Why Do Some People Have Red Hair?

Red hair is the result of a mutation in the MC1R gene. This mutation is thought to be an evolutionary adaptation to the cold, dark climates of the North. Those with red hair do not react well to prolonged exposure to sunlight.

What do Prince Harry and Ed Sheeran have in common? They are both very famous and British? Well yes, but they’re also redheads.

We may find red hair attractive now, but there was once a time when redheads were considered evil and deceitful. During the period of witch trials in Europe, people with red hair were persecuted, as they were considered to be witches. During the Spanish inquisition, redheads were disparaged, as the red color was a sign that they had stolen fire from hell. (Source)

A,Portrait,Of,An,Angry,Witch,With,A,Broodstick,Near

During the medieval era, redheads were often perceived as witches and vampires. (Photo Credit :Kiselev Andrey Valerevich/Shutterstock)

From turning into a vampire after death to being an unlucky, soulless creature, redheads have endured a barrage of preposterous beliefs throughout history. Fortunately, times have changed, and with scientific studies behind the causes of red hair, no one is hunting for redheads to be burnt at the stake.


Recommended Video for you:


Melanin and its role in hair color

From dark to light, the shade of skin and hair depends on a substance known as melanin. The visible color of the hair is a result of the pigment released by specialized cells known as melanocytes. They are present within the hair bulb and inside the hair matrix.

Mechanism of pigmented hair vector illustration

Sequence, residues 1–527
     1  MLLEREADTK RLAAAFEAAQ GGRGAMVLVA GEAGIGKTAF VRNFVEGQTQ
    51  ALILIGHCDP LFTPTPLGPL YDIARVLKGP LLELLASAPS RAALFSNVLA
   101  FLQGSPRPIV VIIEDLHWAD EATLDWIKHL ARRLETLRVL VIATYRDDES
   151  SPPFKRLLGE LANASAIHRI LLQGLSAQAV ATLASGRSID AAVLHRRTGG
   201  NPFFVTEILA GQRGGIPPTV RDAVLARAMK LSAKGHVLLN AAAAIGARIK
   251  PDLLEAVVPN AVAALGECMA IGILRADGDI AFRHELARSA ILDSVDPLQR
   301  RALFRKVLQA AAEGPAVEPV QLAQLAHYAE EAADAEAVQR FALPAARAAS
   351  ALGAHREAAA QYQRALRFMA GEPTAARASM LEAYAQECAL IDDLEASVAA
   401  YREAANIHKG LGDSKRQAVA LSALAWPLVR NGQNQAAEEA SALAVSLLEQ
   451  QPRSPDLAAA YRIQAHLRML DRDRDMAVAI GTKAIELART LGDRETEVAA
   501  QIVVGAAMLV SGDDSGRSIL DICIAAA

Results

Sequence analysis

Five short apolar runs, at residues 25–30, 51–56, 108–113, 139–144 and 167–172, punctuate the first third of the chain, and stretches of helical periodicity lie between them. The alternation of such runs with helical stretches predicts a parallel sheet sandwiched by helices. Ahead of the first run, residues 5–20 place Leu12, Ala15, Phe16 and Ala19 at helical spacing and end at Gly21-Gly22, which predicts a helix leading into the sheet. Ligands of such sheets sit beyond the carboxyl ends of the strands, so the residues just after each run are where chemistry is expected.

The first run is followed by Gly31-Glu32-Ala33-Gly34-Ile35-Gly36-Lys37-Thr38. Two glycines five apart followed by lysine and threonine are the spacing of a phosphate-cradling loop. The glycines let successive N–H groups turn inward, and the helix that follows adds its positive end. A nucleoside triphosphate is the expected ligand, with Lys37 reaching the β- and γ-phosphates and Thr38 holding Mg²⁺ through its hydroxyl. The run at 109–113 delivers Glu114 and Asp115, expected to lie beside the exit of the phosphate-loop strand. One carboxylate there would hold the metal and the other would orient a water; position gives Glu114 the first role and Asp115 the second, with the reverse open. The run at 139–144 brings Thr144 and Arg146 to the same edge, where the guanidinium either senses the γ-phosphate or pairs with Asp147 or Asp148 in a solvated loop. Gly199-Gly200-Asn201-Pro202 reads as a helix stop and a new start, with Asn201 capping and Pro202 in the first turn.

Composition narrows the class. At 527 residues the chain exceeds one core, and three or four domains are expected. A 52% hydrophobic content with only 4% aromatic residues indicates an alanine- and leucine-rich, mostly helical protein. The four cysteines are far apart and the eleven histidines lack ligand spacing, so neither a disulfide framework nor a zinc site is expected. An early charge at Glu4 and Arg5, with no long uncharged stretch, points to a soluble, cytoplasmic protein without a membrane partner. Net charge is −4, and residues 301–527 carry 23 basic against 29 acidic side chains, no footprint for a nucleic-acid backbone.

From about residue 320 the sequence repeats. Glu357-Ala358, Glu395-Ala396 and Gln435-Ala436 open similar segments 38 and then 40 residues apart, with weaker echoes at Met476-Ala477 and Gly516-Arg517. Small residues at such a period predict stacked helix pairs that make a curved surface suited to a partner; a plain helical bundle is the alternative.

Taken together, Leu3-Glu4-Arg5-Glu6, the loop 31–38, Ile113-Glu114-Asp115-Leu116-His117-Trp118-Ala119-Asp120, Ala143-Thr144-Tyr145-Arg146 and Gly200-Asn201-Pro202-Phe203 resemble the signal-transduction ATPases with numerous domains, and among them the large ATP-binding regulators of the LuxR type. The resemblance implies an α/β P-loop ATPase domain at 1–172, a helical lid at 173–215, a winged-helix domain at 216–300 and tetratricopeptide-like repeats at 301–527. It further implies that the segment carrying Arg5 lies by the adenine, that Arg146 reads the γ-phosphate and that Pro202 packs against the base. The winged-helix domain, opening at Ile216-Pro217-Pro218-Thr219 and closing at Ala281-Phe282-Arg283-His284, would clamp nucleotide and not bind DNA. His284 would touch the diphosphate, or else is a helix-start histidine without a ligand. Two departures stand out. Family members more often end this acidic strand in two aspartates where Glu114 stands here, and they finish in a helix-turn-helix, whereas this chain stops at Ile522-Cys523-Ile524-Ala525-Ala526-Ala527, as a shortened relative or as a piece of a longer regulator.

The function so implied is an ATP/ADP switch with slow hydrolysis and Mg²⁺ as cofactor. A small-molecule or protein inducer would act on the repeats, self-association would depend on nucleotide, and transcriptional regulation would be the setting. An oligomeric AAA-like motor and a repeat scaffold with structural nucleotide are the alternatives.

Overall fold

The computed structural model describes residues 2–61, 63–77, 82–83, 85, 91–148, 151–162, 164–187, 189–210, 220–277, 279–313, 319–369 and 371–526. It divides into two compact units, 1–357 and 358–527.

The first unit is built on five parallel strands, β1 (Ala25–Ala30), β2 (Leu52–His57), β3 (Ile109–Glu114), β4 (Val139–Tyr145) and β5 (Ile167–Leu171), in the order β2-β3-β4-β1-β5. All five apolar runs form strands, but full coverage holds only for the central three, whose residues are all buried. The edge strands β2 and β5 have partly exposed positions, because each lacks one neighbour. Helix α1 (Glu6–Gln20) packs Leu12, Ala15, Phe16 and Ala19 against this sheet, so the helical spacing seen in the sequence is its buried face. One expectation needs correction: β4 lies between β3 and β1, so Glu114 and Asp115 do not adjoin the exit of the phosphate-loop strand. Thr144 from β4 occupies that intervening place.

Melanocytes are present at the base of hair inside the hair matrix (Photo Credit :Barks/Shutterstock)

The melanocytes release two types of melanin pigment that give hair its color: eumelanin and pheomelanin.

People with black and brown hair have abundant levels of eumelanin pigment, whereas the absence of eumelanin corresponds to white hair. Blonde hair is a result of low levels of both eumelanin and pheomelanin. Red hair is a special case, wherein the amount of pheomelanin pigment is greater than the level of eumelanin. 

But why do redheads have so much pheomelanin? To put it simply, the answer lies in their genetics.

The MC1R gene mutation

The presence or absence of the color pigment is not an arbitrary occurrence. Instead, one gene decides which melanin pigment is released in what amount.

The MC1R gene found on chromosome 16 plays a critical role in the process of melanin synthesis by melanocytes. The MC1R gene provides instruction for the formation of a protein known as the melanocortin 1 receptor, which are present on the surface of melanocytes.

The type of melanin pigments you get (and display to the world) is decided by these receptors.

The Melanocortin 1 receptor is a type of receptor. Receptors act as an inbox for information coming in. A signaling molecule (which could be any chemical) binds to the receptor, which triggers a cascade of effects in the cell with the receptor. These effects can range from producing a new protein or inhibiting a certain function to passing along a signal. (Source)

Various hormones bind to and activate the MC1 receptor.

When the MC1R gene is activated, the cell will have more MC1 receptors, which will cause your melanocytes to produce more eumelanin and give you a darker hair color.

On the other hand, deactivating or inhibiting the MC1R gene will have quite the opposite effect. Your melanocytes will have fewer or no MC1 receptors, which will cause an increase in the production of pheomelanin, meaning that you’ll end up with a fair complexion and red-orange hair.